The young man jumped out and pulled the pontoon in to shore. His wife brought forward the toddler, who was really wrestling to get out of her arms by this point. She handed the little girl over, then climbed over herself. The redheaded girl did not want to go, and was given the option to go back to shore. She climbed out, and I heard her ask her dad where they were going, and I knew tales of adventures were being spun.
Cruising back into the island, we saw the family again, sitting together tightly on a blue quilt, the man perched on the cooler. The talk of adventured had ceased and you could sense a dreary exhaustion, perhaps from the fight. The toddler was quiet now, rocked back on her diapered bottom with her back to the cooler, finally at peace with the decision to go there.
We nestled through the boats and swimmers to an optimal site about the time the sun crept down the other side of the peninsula, leaving the twilight blues to claim water and sky. Anchor pitched, one of the two young men on the back of the boat jumped into the water and shored us up so the front end faced the site of the fireworks.
But the wind kept sliding us around, and finally Larry untied the anchor and maneuvered it to the back of the boat. We were finally set even for the show.
Motor off, idling done, we sat and watched the night claim the lake. Boat after boat came into view, and as the glow faded from the sky each would turn on its lights. There was a sparkle about it, an undulating wave.
I've heard of an oriental experience where keel boats slowly float through a conglomeration of phosphorescent luminaries on lily pads -- and this was similar, the sensation of floating and quiet and fellowship. Though most boats were packed with people waiting for fireworks, with anything from two to ten on each, there was a silence, a bare murmur as folks waited.
Impatient, some took to lighting their own fireworks on far beaches, exploding quickly and brightly far away ,briefly disturbing the hush – but near silence would fall again just as rapidly. Chinese lanterns were released here and there -- a blue one, a red one, a white one. One of the blue ones came down directly by the boat closest to us, almost unnoticed by the people within resting before the show, lulled into a watery lullaby by the rocking and the sloshing.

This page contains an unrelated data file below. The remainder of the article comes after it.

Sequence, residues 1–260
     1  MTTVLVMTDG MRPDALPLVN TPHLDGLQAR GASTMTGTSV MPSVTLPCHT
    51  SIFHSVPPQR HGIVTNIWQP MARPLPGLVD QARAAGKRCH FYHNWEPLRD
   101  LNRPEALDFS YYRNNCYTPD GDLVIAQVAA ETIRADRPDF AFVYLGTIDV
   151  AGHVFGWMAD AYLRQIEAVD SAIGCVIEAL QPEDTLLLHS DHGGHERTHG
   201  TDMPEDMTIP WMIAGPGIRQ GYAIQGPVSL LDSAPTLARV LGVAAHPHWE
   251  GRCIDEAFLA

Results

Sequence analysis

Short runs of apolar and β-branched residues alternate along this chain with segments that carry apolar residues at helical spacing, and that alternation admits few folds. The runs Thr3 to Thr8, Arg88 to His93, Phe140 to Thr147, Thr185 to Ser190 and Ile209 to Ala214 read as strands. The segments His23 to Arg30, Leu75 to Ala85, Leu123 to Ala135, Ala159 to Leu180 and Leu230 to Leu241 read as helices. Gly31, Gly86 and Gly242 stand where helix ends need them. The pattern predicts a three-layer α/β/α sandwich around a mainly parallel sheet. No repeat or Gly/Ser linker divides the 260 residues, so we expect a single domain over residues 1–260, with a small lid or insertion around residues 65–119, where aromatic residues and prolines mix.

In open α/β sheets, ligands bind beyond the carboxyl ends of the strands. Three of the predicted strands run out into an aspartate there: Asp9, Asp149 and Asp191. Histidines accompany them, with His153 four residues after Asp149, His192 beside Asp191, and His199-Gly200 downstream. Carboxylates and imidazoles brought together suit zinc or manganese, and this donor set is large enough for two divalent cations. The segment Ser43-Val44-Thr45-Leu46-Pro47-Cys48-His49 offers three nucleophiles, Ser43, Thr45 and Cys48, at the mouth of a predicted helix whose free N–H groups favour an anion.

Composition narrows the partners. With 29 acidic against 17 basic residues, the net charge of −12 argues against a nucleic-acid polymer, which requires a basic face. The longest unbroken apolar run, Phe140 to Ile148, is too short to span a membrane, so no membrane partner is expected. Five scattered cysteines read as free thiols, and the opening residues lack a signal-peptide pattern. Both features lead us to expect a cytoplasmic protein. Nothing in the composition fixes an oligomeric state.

One more single mortar exploded above our heard, and then, suddenly, a call was made for the pledge of allegiance, and after the first two words a thousand voices joined in, echoing over the water. The cadence of human voice was more powerful than a sea of tympanis, stronger than a military drum core. This was an impromptu community more than a thousand individuals strong, maybe two thousand, bigger than many of the burgs that lined the lake, and they were united in this rite of ceremony.
At the end of the pledge, God Bless America blasted out from the speakers, accompanied by the first choreographed round of pyrotechnics. The noise around us became palpable as all those voices hushed by the majesty of the incoming night suddenly came alive again, enthralled by the pageantry above. Grav took up his camera, and I did too, and we aimed our lenses skyward.
Without a break, the music segued into Wayland Holyfield’s “Arkansas You Run Deep In Me.” This classic from the 80s might have seemed out of date elsewhere, but here it gave me goosebumps. Here I was on an Arkansas lake, surrounded by others who had come out for the show… the beauty of it all was remarkable.
One song after another drove the display, which continued through each piece. You could hear the music echoing from the shore and from radios on many of the bobbing points, Santana’s “Monster” and Celine Dion and even a piece Jody Simrell had written and performed. Though we had started seated in the boat we’d all risen to our feet, even Larry and Jeff, as the concert had progressed. It grew in intensity and never slacked.
The momentum came to a head as the opening to a Mumford and Sons song began. As the boys started to harmonize about how they would wait for you, I stood by Grav shooting and them put my hand on his back. The darkness hid most of our features, but I could see him smiling, too.
One last amazing, considerable volley of fireworks, a loud blast, and then silence. The show had ended just as quickly as it had begun. Hoots and hollers started to come from the crowd, followed by thunderous applause. And then some bugger turned on his headlights and blinded half of us.
As Larry aimed us at the shore, we saw those bobbing lanterns on the water start to recede. Everyone we passed and talked with agreed it was a far bigger and better show than the year before. We made it in, and while guys held the boat tight I was aided off the craft by an elderly gentleman with the pomp of a footman to the queen. I prayed my water legs wouldn't send me and the camera equipment into the drink.
We foraged on ahead in the semi dark up the hill, me following Grav -- who lead us not up the driveway but over the children’s playground instead. We both forced ourselves onward, knowing we had a two hour drive ahead of us. We saw Jody and overheard he need to go down to get us. He asked us how we liked the show and we just grinned at each other, speechless for just a moment. There were dozens of adjectives in my head, but none seemed adequate for what we had seen.
Last year’s celebration fell on July 5th, which allowed us to see other shows the nights before and after. The coordination and effort the Simrells put into their show place it in a category all its own. You should go. It’s… beyond words.
Click here to head to the Ventris Trail’s End Resort website. And if you’re out on the water, head to Marker 8 on Independence night. You won’t be disappointed.
To get there by land from Garfield, take Hwy 127 toward Lost Bridge. Just past Across the Creek Restaurant, turn right on Ventris Road, which you'll follow 6.3 miles to Trail's End Road. Turn left and look for Simrell Drive. Follow Simrell Drive through the gate. Signs will get you the rest of the way there.
To get there by water, head southwest of Ford's Creek or northwest from Cedar Bluff -- it's across the river from Martin Cemetery. Or, just use your handy GPS to find the Point 8 Marker.